My first month at LSE has passed and I am surprisingly positive. It’s mostly surprising to myself that I am positive because I usually get into all sorts of impossible administrative difficulties that taint my overall outlook. This time, however, things have gone rather smoothly. I attended the introductory meetings, I followed the steps to pick my courses and I attended them. All in all, it was a perfectly manageable month.
Having those basics down (knowing what courses to go to and where they are) I can now start worrying about other more fundamental things, i.e. who is going to hire me after my 12 months at the LSE? You might think that it’s too early to start worrying about that but people around me have already started applying.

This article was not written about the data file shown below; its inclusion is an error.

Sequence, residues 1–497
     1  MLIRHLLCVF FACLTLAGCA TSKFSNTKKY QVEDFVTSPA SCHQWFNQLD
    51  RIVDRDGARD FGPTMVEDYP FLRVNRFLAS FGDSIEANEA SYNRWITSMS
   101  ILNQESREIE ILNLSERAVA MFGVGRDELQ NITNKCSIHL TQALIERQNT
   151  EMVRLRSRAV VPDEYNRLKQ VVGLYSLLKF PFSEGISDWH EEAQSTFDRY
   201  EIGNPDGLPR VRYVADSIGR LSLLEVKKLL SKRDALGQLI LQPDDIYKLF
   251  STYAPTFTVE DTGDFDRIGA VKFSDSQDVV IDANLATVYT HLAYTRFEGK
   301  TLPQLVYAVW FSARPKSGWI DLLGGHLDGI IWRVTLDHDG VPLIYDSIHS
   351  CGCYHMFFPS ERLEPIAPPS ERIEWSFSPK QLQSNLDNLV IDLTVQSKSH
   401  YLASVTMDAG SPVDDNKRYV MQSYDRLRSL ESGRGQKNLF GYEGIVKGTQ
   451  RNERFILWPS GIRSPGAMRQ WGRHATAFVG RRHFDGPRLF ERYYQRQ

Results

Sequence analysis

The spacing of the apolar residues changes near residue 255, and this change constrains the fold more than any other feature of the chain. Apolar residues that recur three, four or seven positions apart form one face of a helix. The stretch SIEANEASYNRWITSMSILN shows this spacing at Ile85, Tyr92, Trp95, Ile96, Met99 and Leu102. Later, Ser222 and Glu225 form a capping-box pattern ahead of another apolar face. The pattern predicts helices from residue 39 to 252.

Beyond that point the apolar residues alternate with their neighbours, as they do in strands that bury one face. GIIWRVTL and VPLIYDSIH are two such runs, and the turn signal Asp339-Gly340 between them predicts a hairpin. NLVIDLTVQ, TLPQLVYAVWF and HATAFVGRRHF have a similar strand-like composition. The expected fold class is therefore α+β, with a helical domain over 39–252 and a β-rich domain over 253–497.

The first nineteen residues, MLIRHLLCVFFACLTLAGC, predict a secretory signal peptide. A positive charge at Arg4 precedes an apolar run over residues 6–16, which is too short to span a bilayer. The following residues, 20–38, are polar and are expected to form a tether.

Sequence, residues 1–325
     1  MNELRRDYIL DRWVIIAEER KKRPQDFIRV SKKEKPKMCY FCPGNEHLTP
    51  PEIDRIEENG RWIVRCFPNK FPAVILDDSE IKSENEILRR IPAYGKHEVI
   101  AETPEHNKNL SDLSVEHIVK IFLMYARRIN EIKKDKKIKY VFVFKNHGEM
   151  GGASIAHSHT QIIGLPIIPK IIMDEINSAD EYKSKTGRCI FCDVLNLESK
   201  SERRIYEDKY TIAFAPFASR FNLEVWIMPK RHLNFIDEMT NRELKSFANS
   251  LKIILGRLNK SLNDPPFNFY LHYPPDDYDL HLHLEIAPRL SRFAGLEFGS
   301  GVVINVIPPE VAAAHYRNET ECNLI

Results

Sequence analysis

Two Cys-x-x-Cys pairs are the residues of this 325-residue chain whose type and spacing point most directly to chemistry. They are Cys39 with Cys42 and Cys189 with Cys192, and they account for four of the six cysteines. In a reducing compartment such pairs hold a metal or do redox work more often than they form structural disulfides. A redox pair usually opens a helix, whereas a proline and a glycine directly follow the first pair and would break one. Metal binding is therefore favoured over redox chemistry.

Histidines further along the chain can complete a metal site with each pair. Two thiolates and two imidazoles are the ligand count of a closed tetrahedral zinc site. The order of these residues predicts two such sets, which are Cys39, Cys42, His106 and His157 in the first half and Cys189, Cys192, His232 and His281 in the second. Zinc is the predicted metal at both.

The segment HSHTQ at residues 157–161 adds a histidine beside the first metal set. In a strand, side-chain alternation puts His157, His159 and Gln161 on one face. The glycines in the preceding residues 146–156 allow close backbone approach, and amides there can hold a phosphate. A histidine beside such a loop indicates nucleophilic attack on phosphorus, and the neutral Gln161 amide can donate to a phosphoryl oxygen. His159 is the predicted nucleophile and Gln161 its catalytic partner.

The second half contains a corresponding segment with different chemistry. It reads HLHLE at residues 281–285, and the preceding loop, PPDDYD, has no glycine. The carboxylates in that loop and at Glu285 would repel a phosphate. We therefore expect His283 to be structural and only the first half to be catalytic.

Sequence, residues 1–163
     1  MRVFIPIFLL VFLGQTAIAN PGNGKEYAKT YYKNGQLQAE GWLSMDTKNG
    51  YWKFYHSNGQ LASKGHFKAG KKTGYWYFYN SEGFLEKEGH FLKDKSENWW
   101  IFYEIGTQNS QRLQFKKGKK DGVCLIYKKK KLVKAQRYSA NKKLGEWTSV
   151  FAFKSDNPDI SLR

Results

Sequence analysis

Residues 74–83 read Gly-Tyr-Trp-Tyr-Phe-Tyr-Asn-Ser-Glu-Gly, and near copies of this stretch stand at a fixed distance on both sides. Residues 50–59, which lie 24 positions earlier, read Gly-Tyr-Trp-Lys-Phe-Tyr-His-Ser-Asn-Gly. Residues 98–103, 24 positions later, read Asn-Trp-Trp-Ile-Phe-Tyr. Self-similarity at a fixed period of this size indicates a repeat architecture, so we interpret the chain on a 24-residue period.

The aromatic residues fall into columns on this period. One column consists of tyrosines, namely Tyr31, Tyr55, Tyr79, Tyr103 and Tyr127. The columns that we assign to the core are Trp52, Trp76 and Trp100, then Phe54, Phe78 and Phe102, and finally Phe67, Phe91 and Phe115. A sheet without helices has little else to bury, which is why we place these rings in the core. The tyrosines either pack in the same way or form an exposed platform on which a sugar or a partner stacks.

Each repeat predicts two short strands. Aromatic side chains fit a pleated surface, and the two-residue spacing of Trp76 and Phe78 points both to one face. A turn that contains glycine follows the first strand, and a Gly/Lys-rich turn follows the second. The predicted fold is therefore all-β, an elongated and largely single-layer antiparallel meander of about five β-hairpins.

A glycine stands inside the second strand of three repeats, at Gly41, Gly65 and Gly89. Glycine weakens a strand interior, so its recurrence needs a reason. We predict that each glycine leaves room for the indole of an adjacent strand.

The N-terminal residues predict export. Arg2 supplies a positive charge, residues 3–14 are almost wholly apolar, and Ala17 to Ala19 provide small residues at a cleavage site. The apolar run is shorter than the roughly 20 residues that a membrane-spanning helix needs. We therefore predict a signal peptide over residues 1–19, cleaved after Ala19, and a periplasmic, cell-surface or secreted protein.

So to make myself more employable I thought it would be a good idea to have my CV checked by the Career consultants the LSE has made available for its students. It’s a fantastic service and free for all students but booking an appointment is quite a struggle. At 9.30 the website opens for bookings for that day and at 9.35 all the available slots have already been booked. So after several disappointing tries I decided that I would sit behind my laptop and just click away like a madwoman at exactly 9.30. That strategy reaped its fruits.
Later that day I met with a friendly consultant who gave me some insightful CV and career tips. The majority of the things most people know but it gives a great feeling of security just to go over a cover letter or a CV with someone who is actually trained to fine-tune it.
Of course I still have no idea who will want to hire me but at least I have a whole Career Super Team (as I like to think of them) that can advise and grill me for the competitive job market. So as long as I don’t enter conversations with people more neurotic than myself I think my anxiety levels on whether I can get employed will be perfectly stable.